From Tar to Sugarcane: the History of Hard Hats.

Caring about safety it’s something that comes naturally today, but only a few decades ago this concept was completely different or even not considered.

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Not so many ago there was no regulation and injuries were very common: workers were exposed to dangers without wearing proper equipment and hard hats, elements which define the image of the construction worker as we see it today. In the past, in order to prevent injuries from falling objects, workers used to smear their hats with tar and then set them to dry in the sun.

The first safety helmet for civilians (because helmets were made for soldiers) seem to have been created by Franz Kafka in 1912, according to management professor Peter Drucker, but there is no documentation that can support this information.

What is certain, instead, is that the first civilian hard hats were made of leather and manufactured in California by E.D. Bullard Company, a mining equipment firm founded in 1898.The first evolution happened when the founder’s son came back from the World War I bringing a steel helmet which inspired him with the idea of improving industrial safety of the workers. He patented the “Hard-Boiled Hat” in 1919, which was made of steamed canvas, glue and black paint. In the same year, the U.S. Navy commissioned Bullard to create a protective hat for shipyard workers and he improved his hard hat with inner suspension. From that moment the use of hard hats began popular, but only in the 1931 it became officially required: on the Hoover Dam project hard hat use was mandated by Six Companies, Inc.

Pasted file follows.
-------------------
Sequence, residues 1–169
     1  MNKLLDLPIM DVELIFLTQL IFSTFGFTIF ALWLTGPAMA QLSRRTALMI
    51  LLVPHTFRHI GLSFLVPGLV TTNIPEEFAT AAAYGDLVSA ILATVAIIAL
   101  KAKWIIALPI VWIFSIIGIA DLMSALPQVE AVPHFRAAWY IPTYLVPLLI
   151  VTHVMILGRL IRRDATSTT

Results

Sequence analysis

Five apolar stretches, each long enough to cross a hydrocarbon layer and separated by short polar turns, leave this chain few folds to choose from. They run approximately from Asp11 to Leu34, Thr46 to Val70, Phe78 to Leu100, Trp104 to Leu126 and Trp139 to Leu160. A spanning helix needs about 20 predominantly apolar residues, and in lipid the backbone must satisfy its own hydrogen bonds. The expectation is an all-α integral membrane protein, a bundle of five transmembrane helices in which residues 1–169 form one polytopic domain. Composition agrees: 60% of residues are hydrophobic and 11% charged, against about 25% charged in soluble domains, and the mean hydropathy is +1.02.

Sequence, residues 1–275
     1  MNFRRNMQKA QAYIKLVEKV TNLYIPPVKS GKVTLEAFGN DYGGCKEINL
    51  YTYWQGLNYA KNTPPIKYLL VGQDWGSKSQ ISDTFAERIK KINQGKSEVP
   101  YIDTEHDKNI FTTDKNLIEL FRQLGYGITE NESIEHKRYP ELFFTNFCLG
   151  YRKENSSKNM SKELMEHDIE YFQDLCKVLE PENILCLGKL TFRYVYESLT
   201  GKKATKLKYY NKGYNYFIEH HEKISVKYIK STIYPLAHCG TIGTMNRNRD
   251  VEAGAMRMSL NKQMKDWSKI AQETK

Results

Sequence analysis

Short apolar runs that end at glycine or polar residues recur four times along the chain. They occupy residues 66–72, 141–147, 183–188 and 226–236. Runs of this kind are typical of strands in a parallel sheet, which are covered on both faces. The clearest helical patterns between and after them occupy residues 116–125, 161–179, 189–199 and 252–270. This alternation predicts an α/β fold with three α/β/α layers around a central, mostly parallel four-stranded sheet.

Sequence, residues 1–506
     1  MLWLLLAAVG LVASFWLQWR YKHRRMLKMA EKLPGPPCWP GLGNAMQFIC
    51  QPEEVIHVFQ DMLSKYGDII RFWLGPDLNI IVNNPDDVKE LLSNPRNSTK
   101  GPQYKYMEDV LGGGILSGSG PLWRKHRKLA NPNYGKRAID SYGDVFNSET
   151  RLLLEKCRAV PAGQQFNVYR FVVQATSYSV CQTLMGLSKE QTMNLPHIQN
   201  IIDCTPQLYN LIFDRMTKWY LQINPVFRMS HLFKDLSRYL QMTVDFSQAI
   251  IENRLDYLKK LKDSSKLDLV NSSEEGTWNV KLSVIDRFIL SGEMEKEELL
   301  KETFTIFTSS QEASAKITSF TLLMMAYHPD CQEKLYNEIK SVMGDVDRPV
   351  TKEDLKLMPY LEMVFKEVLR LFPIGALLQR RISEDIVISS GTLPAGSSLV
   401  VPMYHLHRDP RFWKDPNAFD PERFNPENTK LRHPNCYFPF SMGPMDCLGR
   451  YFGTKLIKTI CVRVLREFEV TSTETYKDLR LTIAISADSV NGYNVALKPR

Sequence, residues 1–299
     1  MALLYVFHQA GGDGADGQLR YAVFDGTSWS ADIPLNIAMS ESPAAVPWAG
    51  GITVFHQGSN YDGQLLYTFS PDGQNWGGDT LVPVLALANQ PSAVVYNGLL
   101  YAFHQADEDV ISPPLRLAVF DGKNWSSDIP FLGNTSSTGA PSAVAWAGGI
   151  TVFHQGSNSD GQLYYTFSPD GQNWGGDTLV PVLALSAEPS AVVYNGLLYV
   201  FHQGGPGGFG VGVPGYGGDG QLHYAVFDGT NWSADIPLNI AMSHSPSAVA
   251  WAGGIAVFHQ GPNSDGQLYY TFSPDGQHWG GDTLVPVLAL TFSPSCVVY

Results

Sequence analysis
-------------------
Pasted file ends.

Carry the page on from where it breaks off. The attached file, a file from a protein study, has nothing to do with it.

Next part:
In 1933 by order of the project chief engineer Joseph Strauss, workers were required to wear hard hats while building the Golden Gate Bridge in San Francisco, California. He wanted to create a safer workplace by installing safety nets and commissioning from Bullard hard hats for workers that did sandblasting. This hat covered the worker’s face, had a window for vision and air supply from a compressor for breathing.About the materials, at the beginning safety helmets were made of steel. In 1938 aluminium became a standard except for electrical jobs. Another popular material was the plastic Bakelite, to ensure a rigid protection and less weight on the worker’s head, while fiberglass came into use a few years later. Thermoplastics started to be used in the 1950s.

In 1952, MSA (Mine Safety Appliances) developed the Shockgard Helmet to protect electrical linemen from electrical shock and ten years later released the Topgard Helmet, the first made of polycarbonate.

1962 is the year of the V-Gard Helmet, one of the most widely used in the United States.

Today, most safety helmets are made from high-density polyethylene (HDPE) or advanced engineering resins

In 1997 the American National Standards Institute allowed the development of a ventilated hard hat to keep the head cooler as well as face shields, sun visors, earmuffs, and perspiration-absorbing lining cloths. Hard hats functionality can also be improved with other attachments like radios, walkie-talkies, pagers, and cameras.

Green note: recently (2013) has been developed the MSA V-Gard GREEN Helmet, which is the first industrial safety product produced from 100% renewable resources, made of high-density polyethylene (HDPE) derived from sugarcane ethanol. This helmet is also recyclable.

What about the latest innovations? Stay tuned for the next post, we will have a look at the smart helmets!

 Sources and credits:

1.http://www.historyofhats.net/hat-history/history-of-hard-hats/

2.https://en.wikipedia.org/wiki/Hard_hat

3.http://www.gettyimages.co.uk/

 

 

The Eye in the Sky: How Drones are Transforming the Construction Industry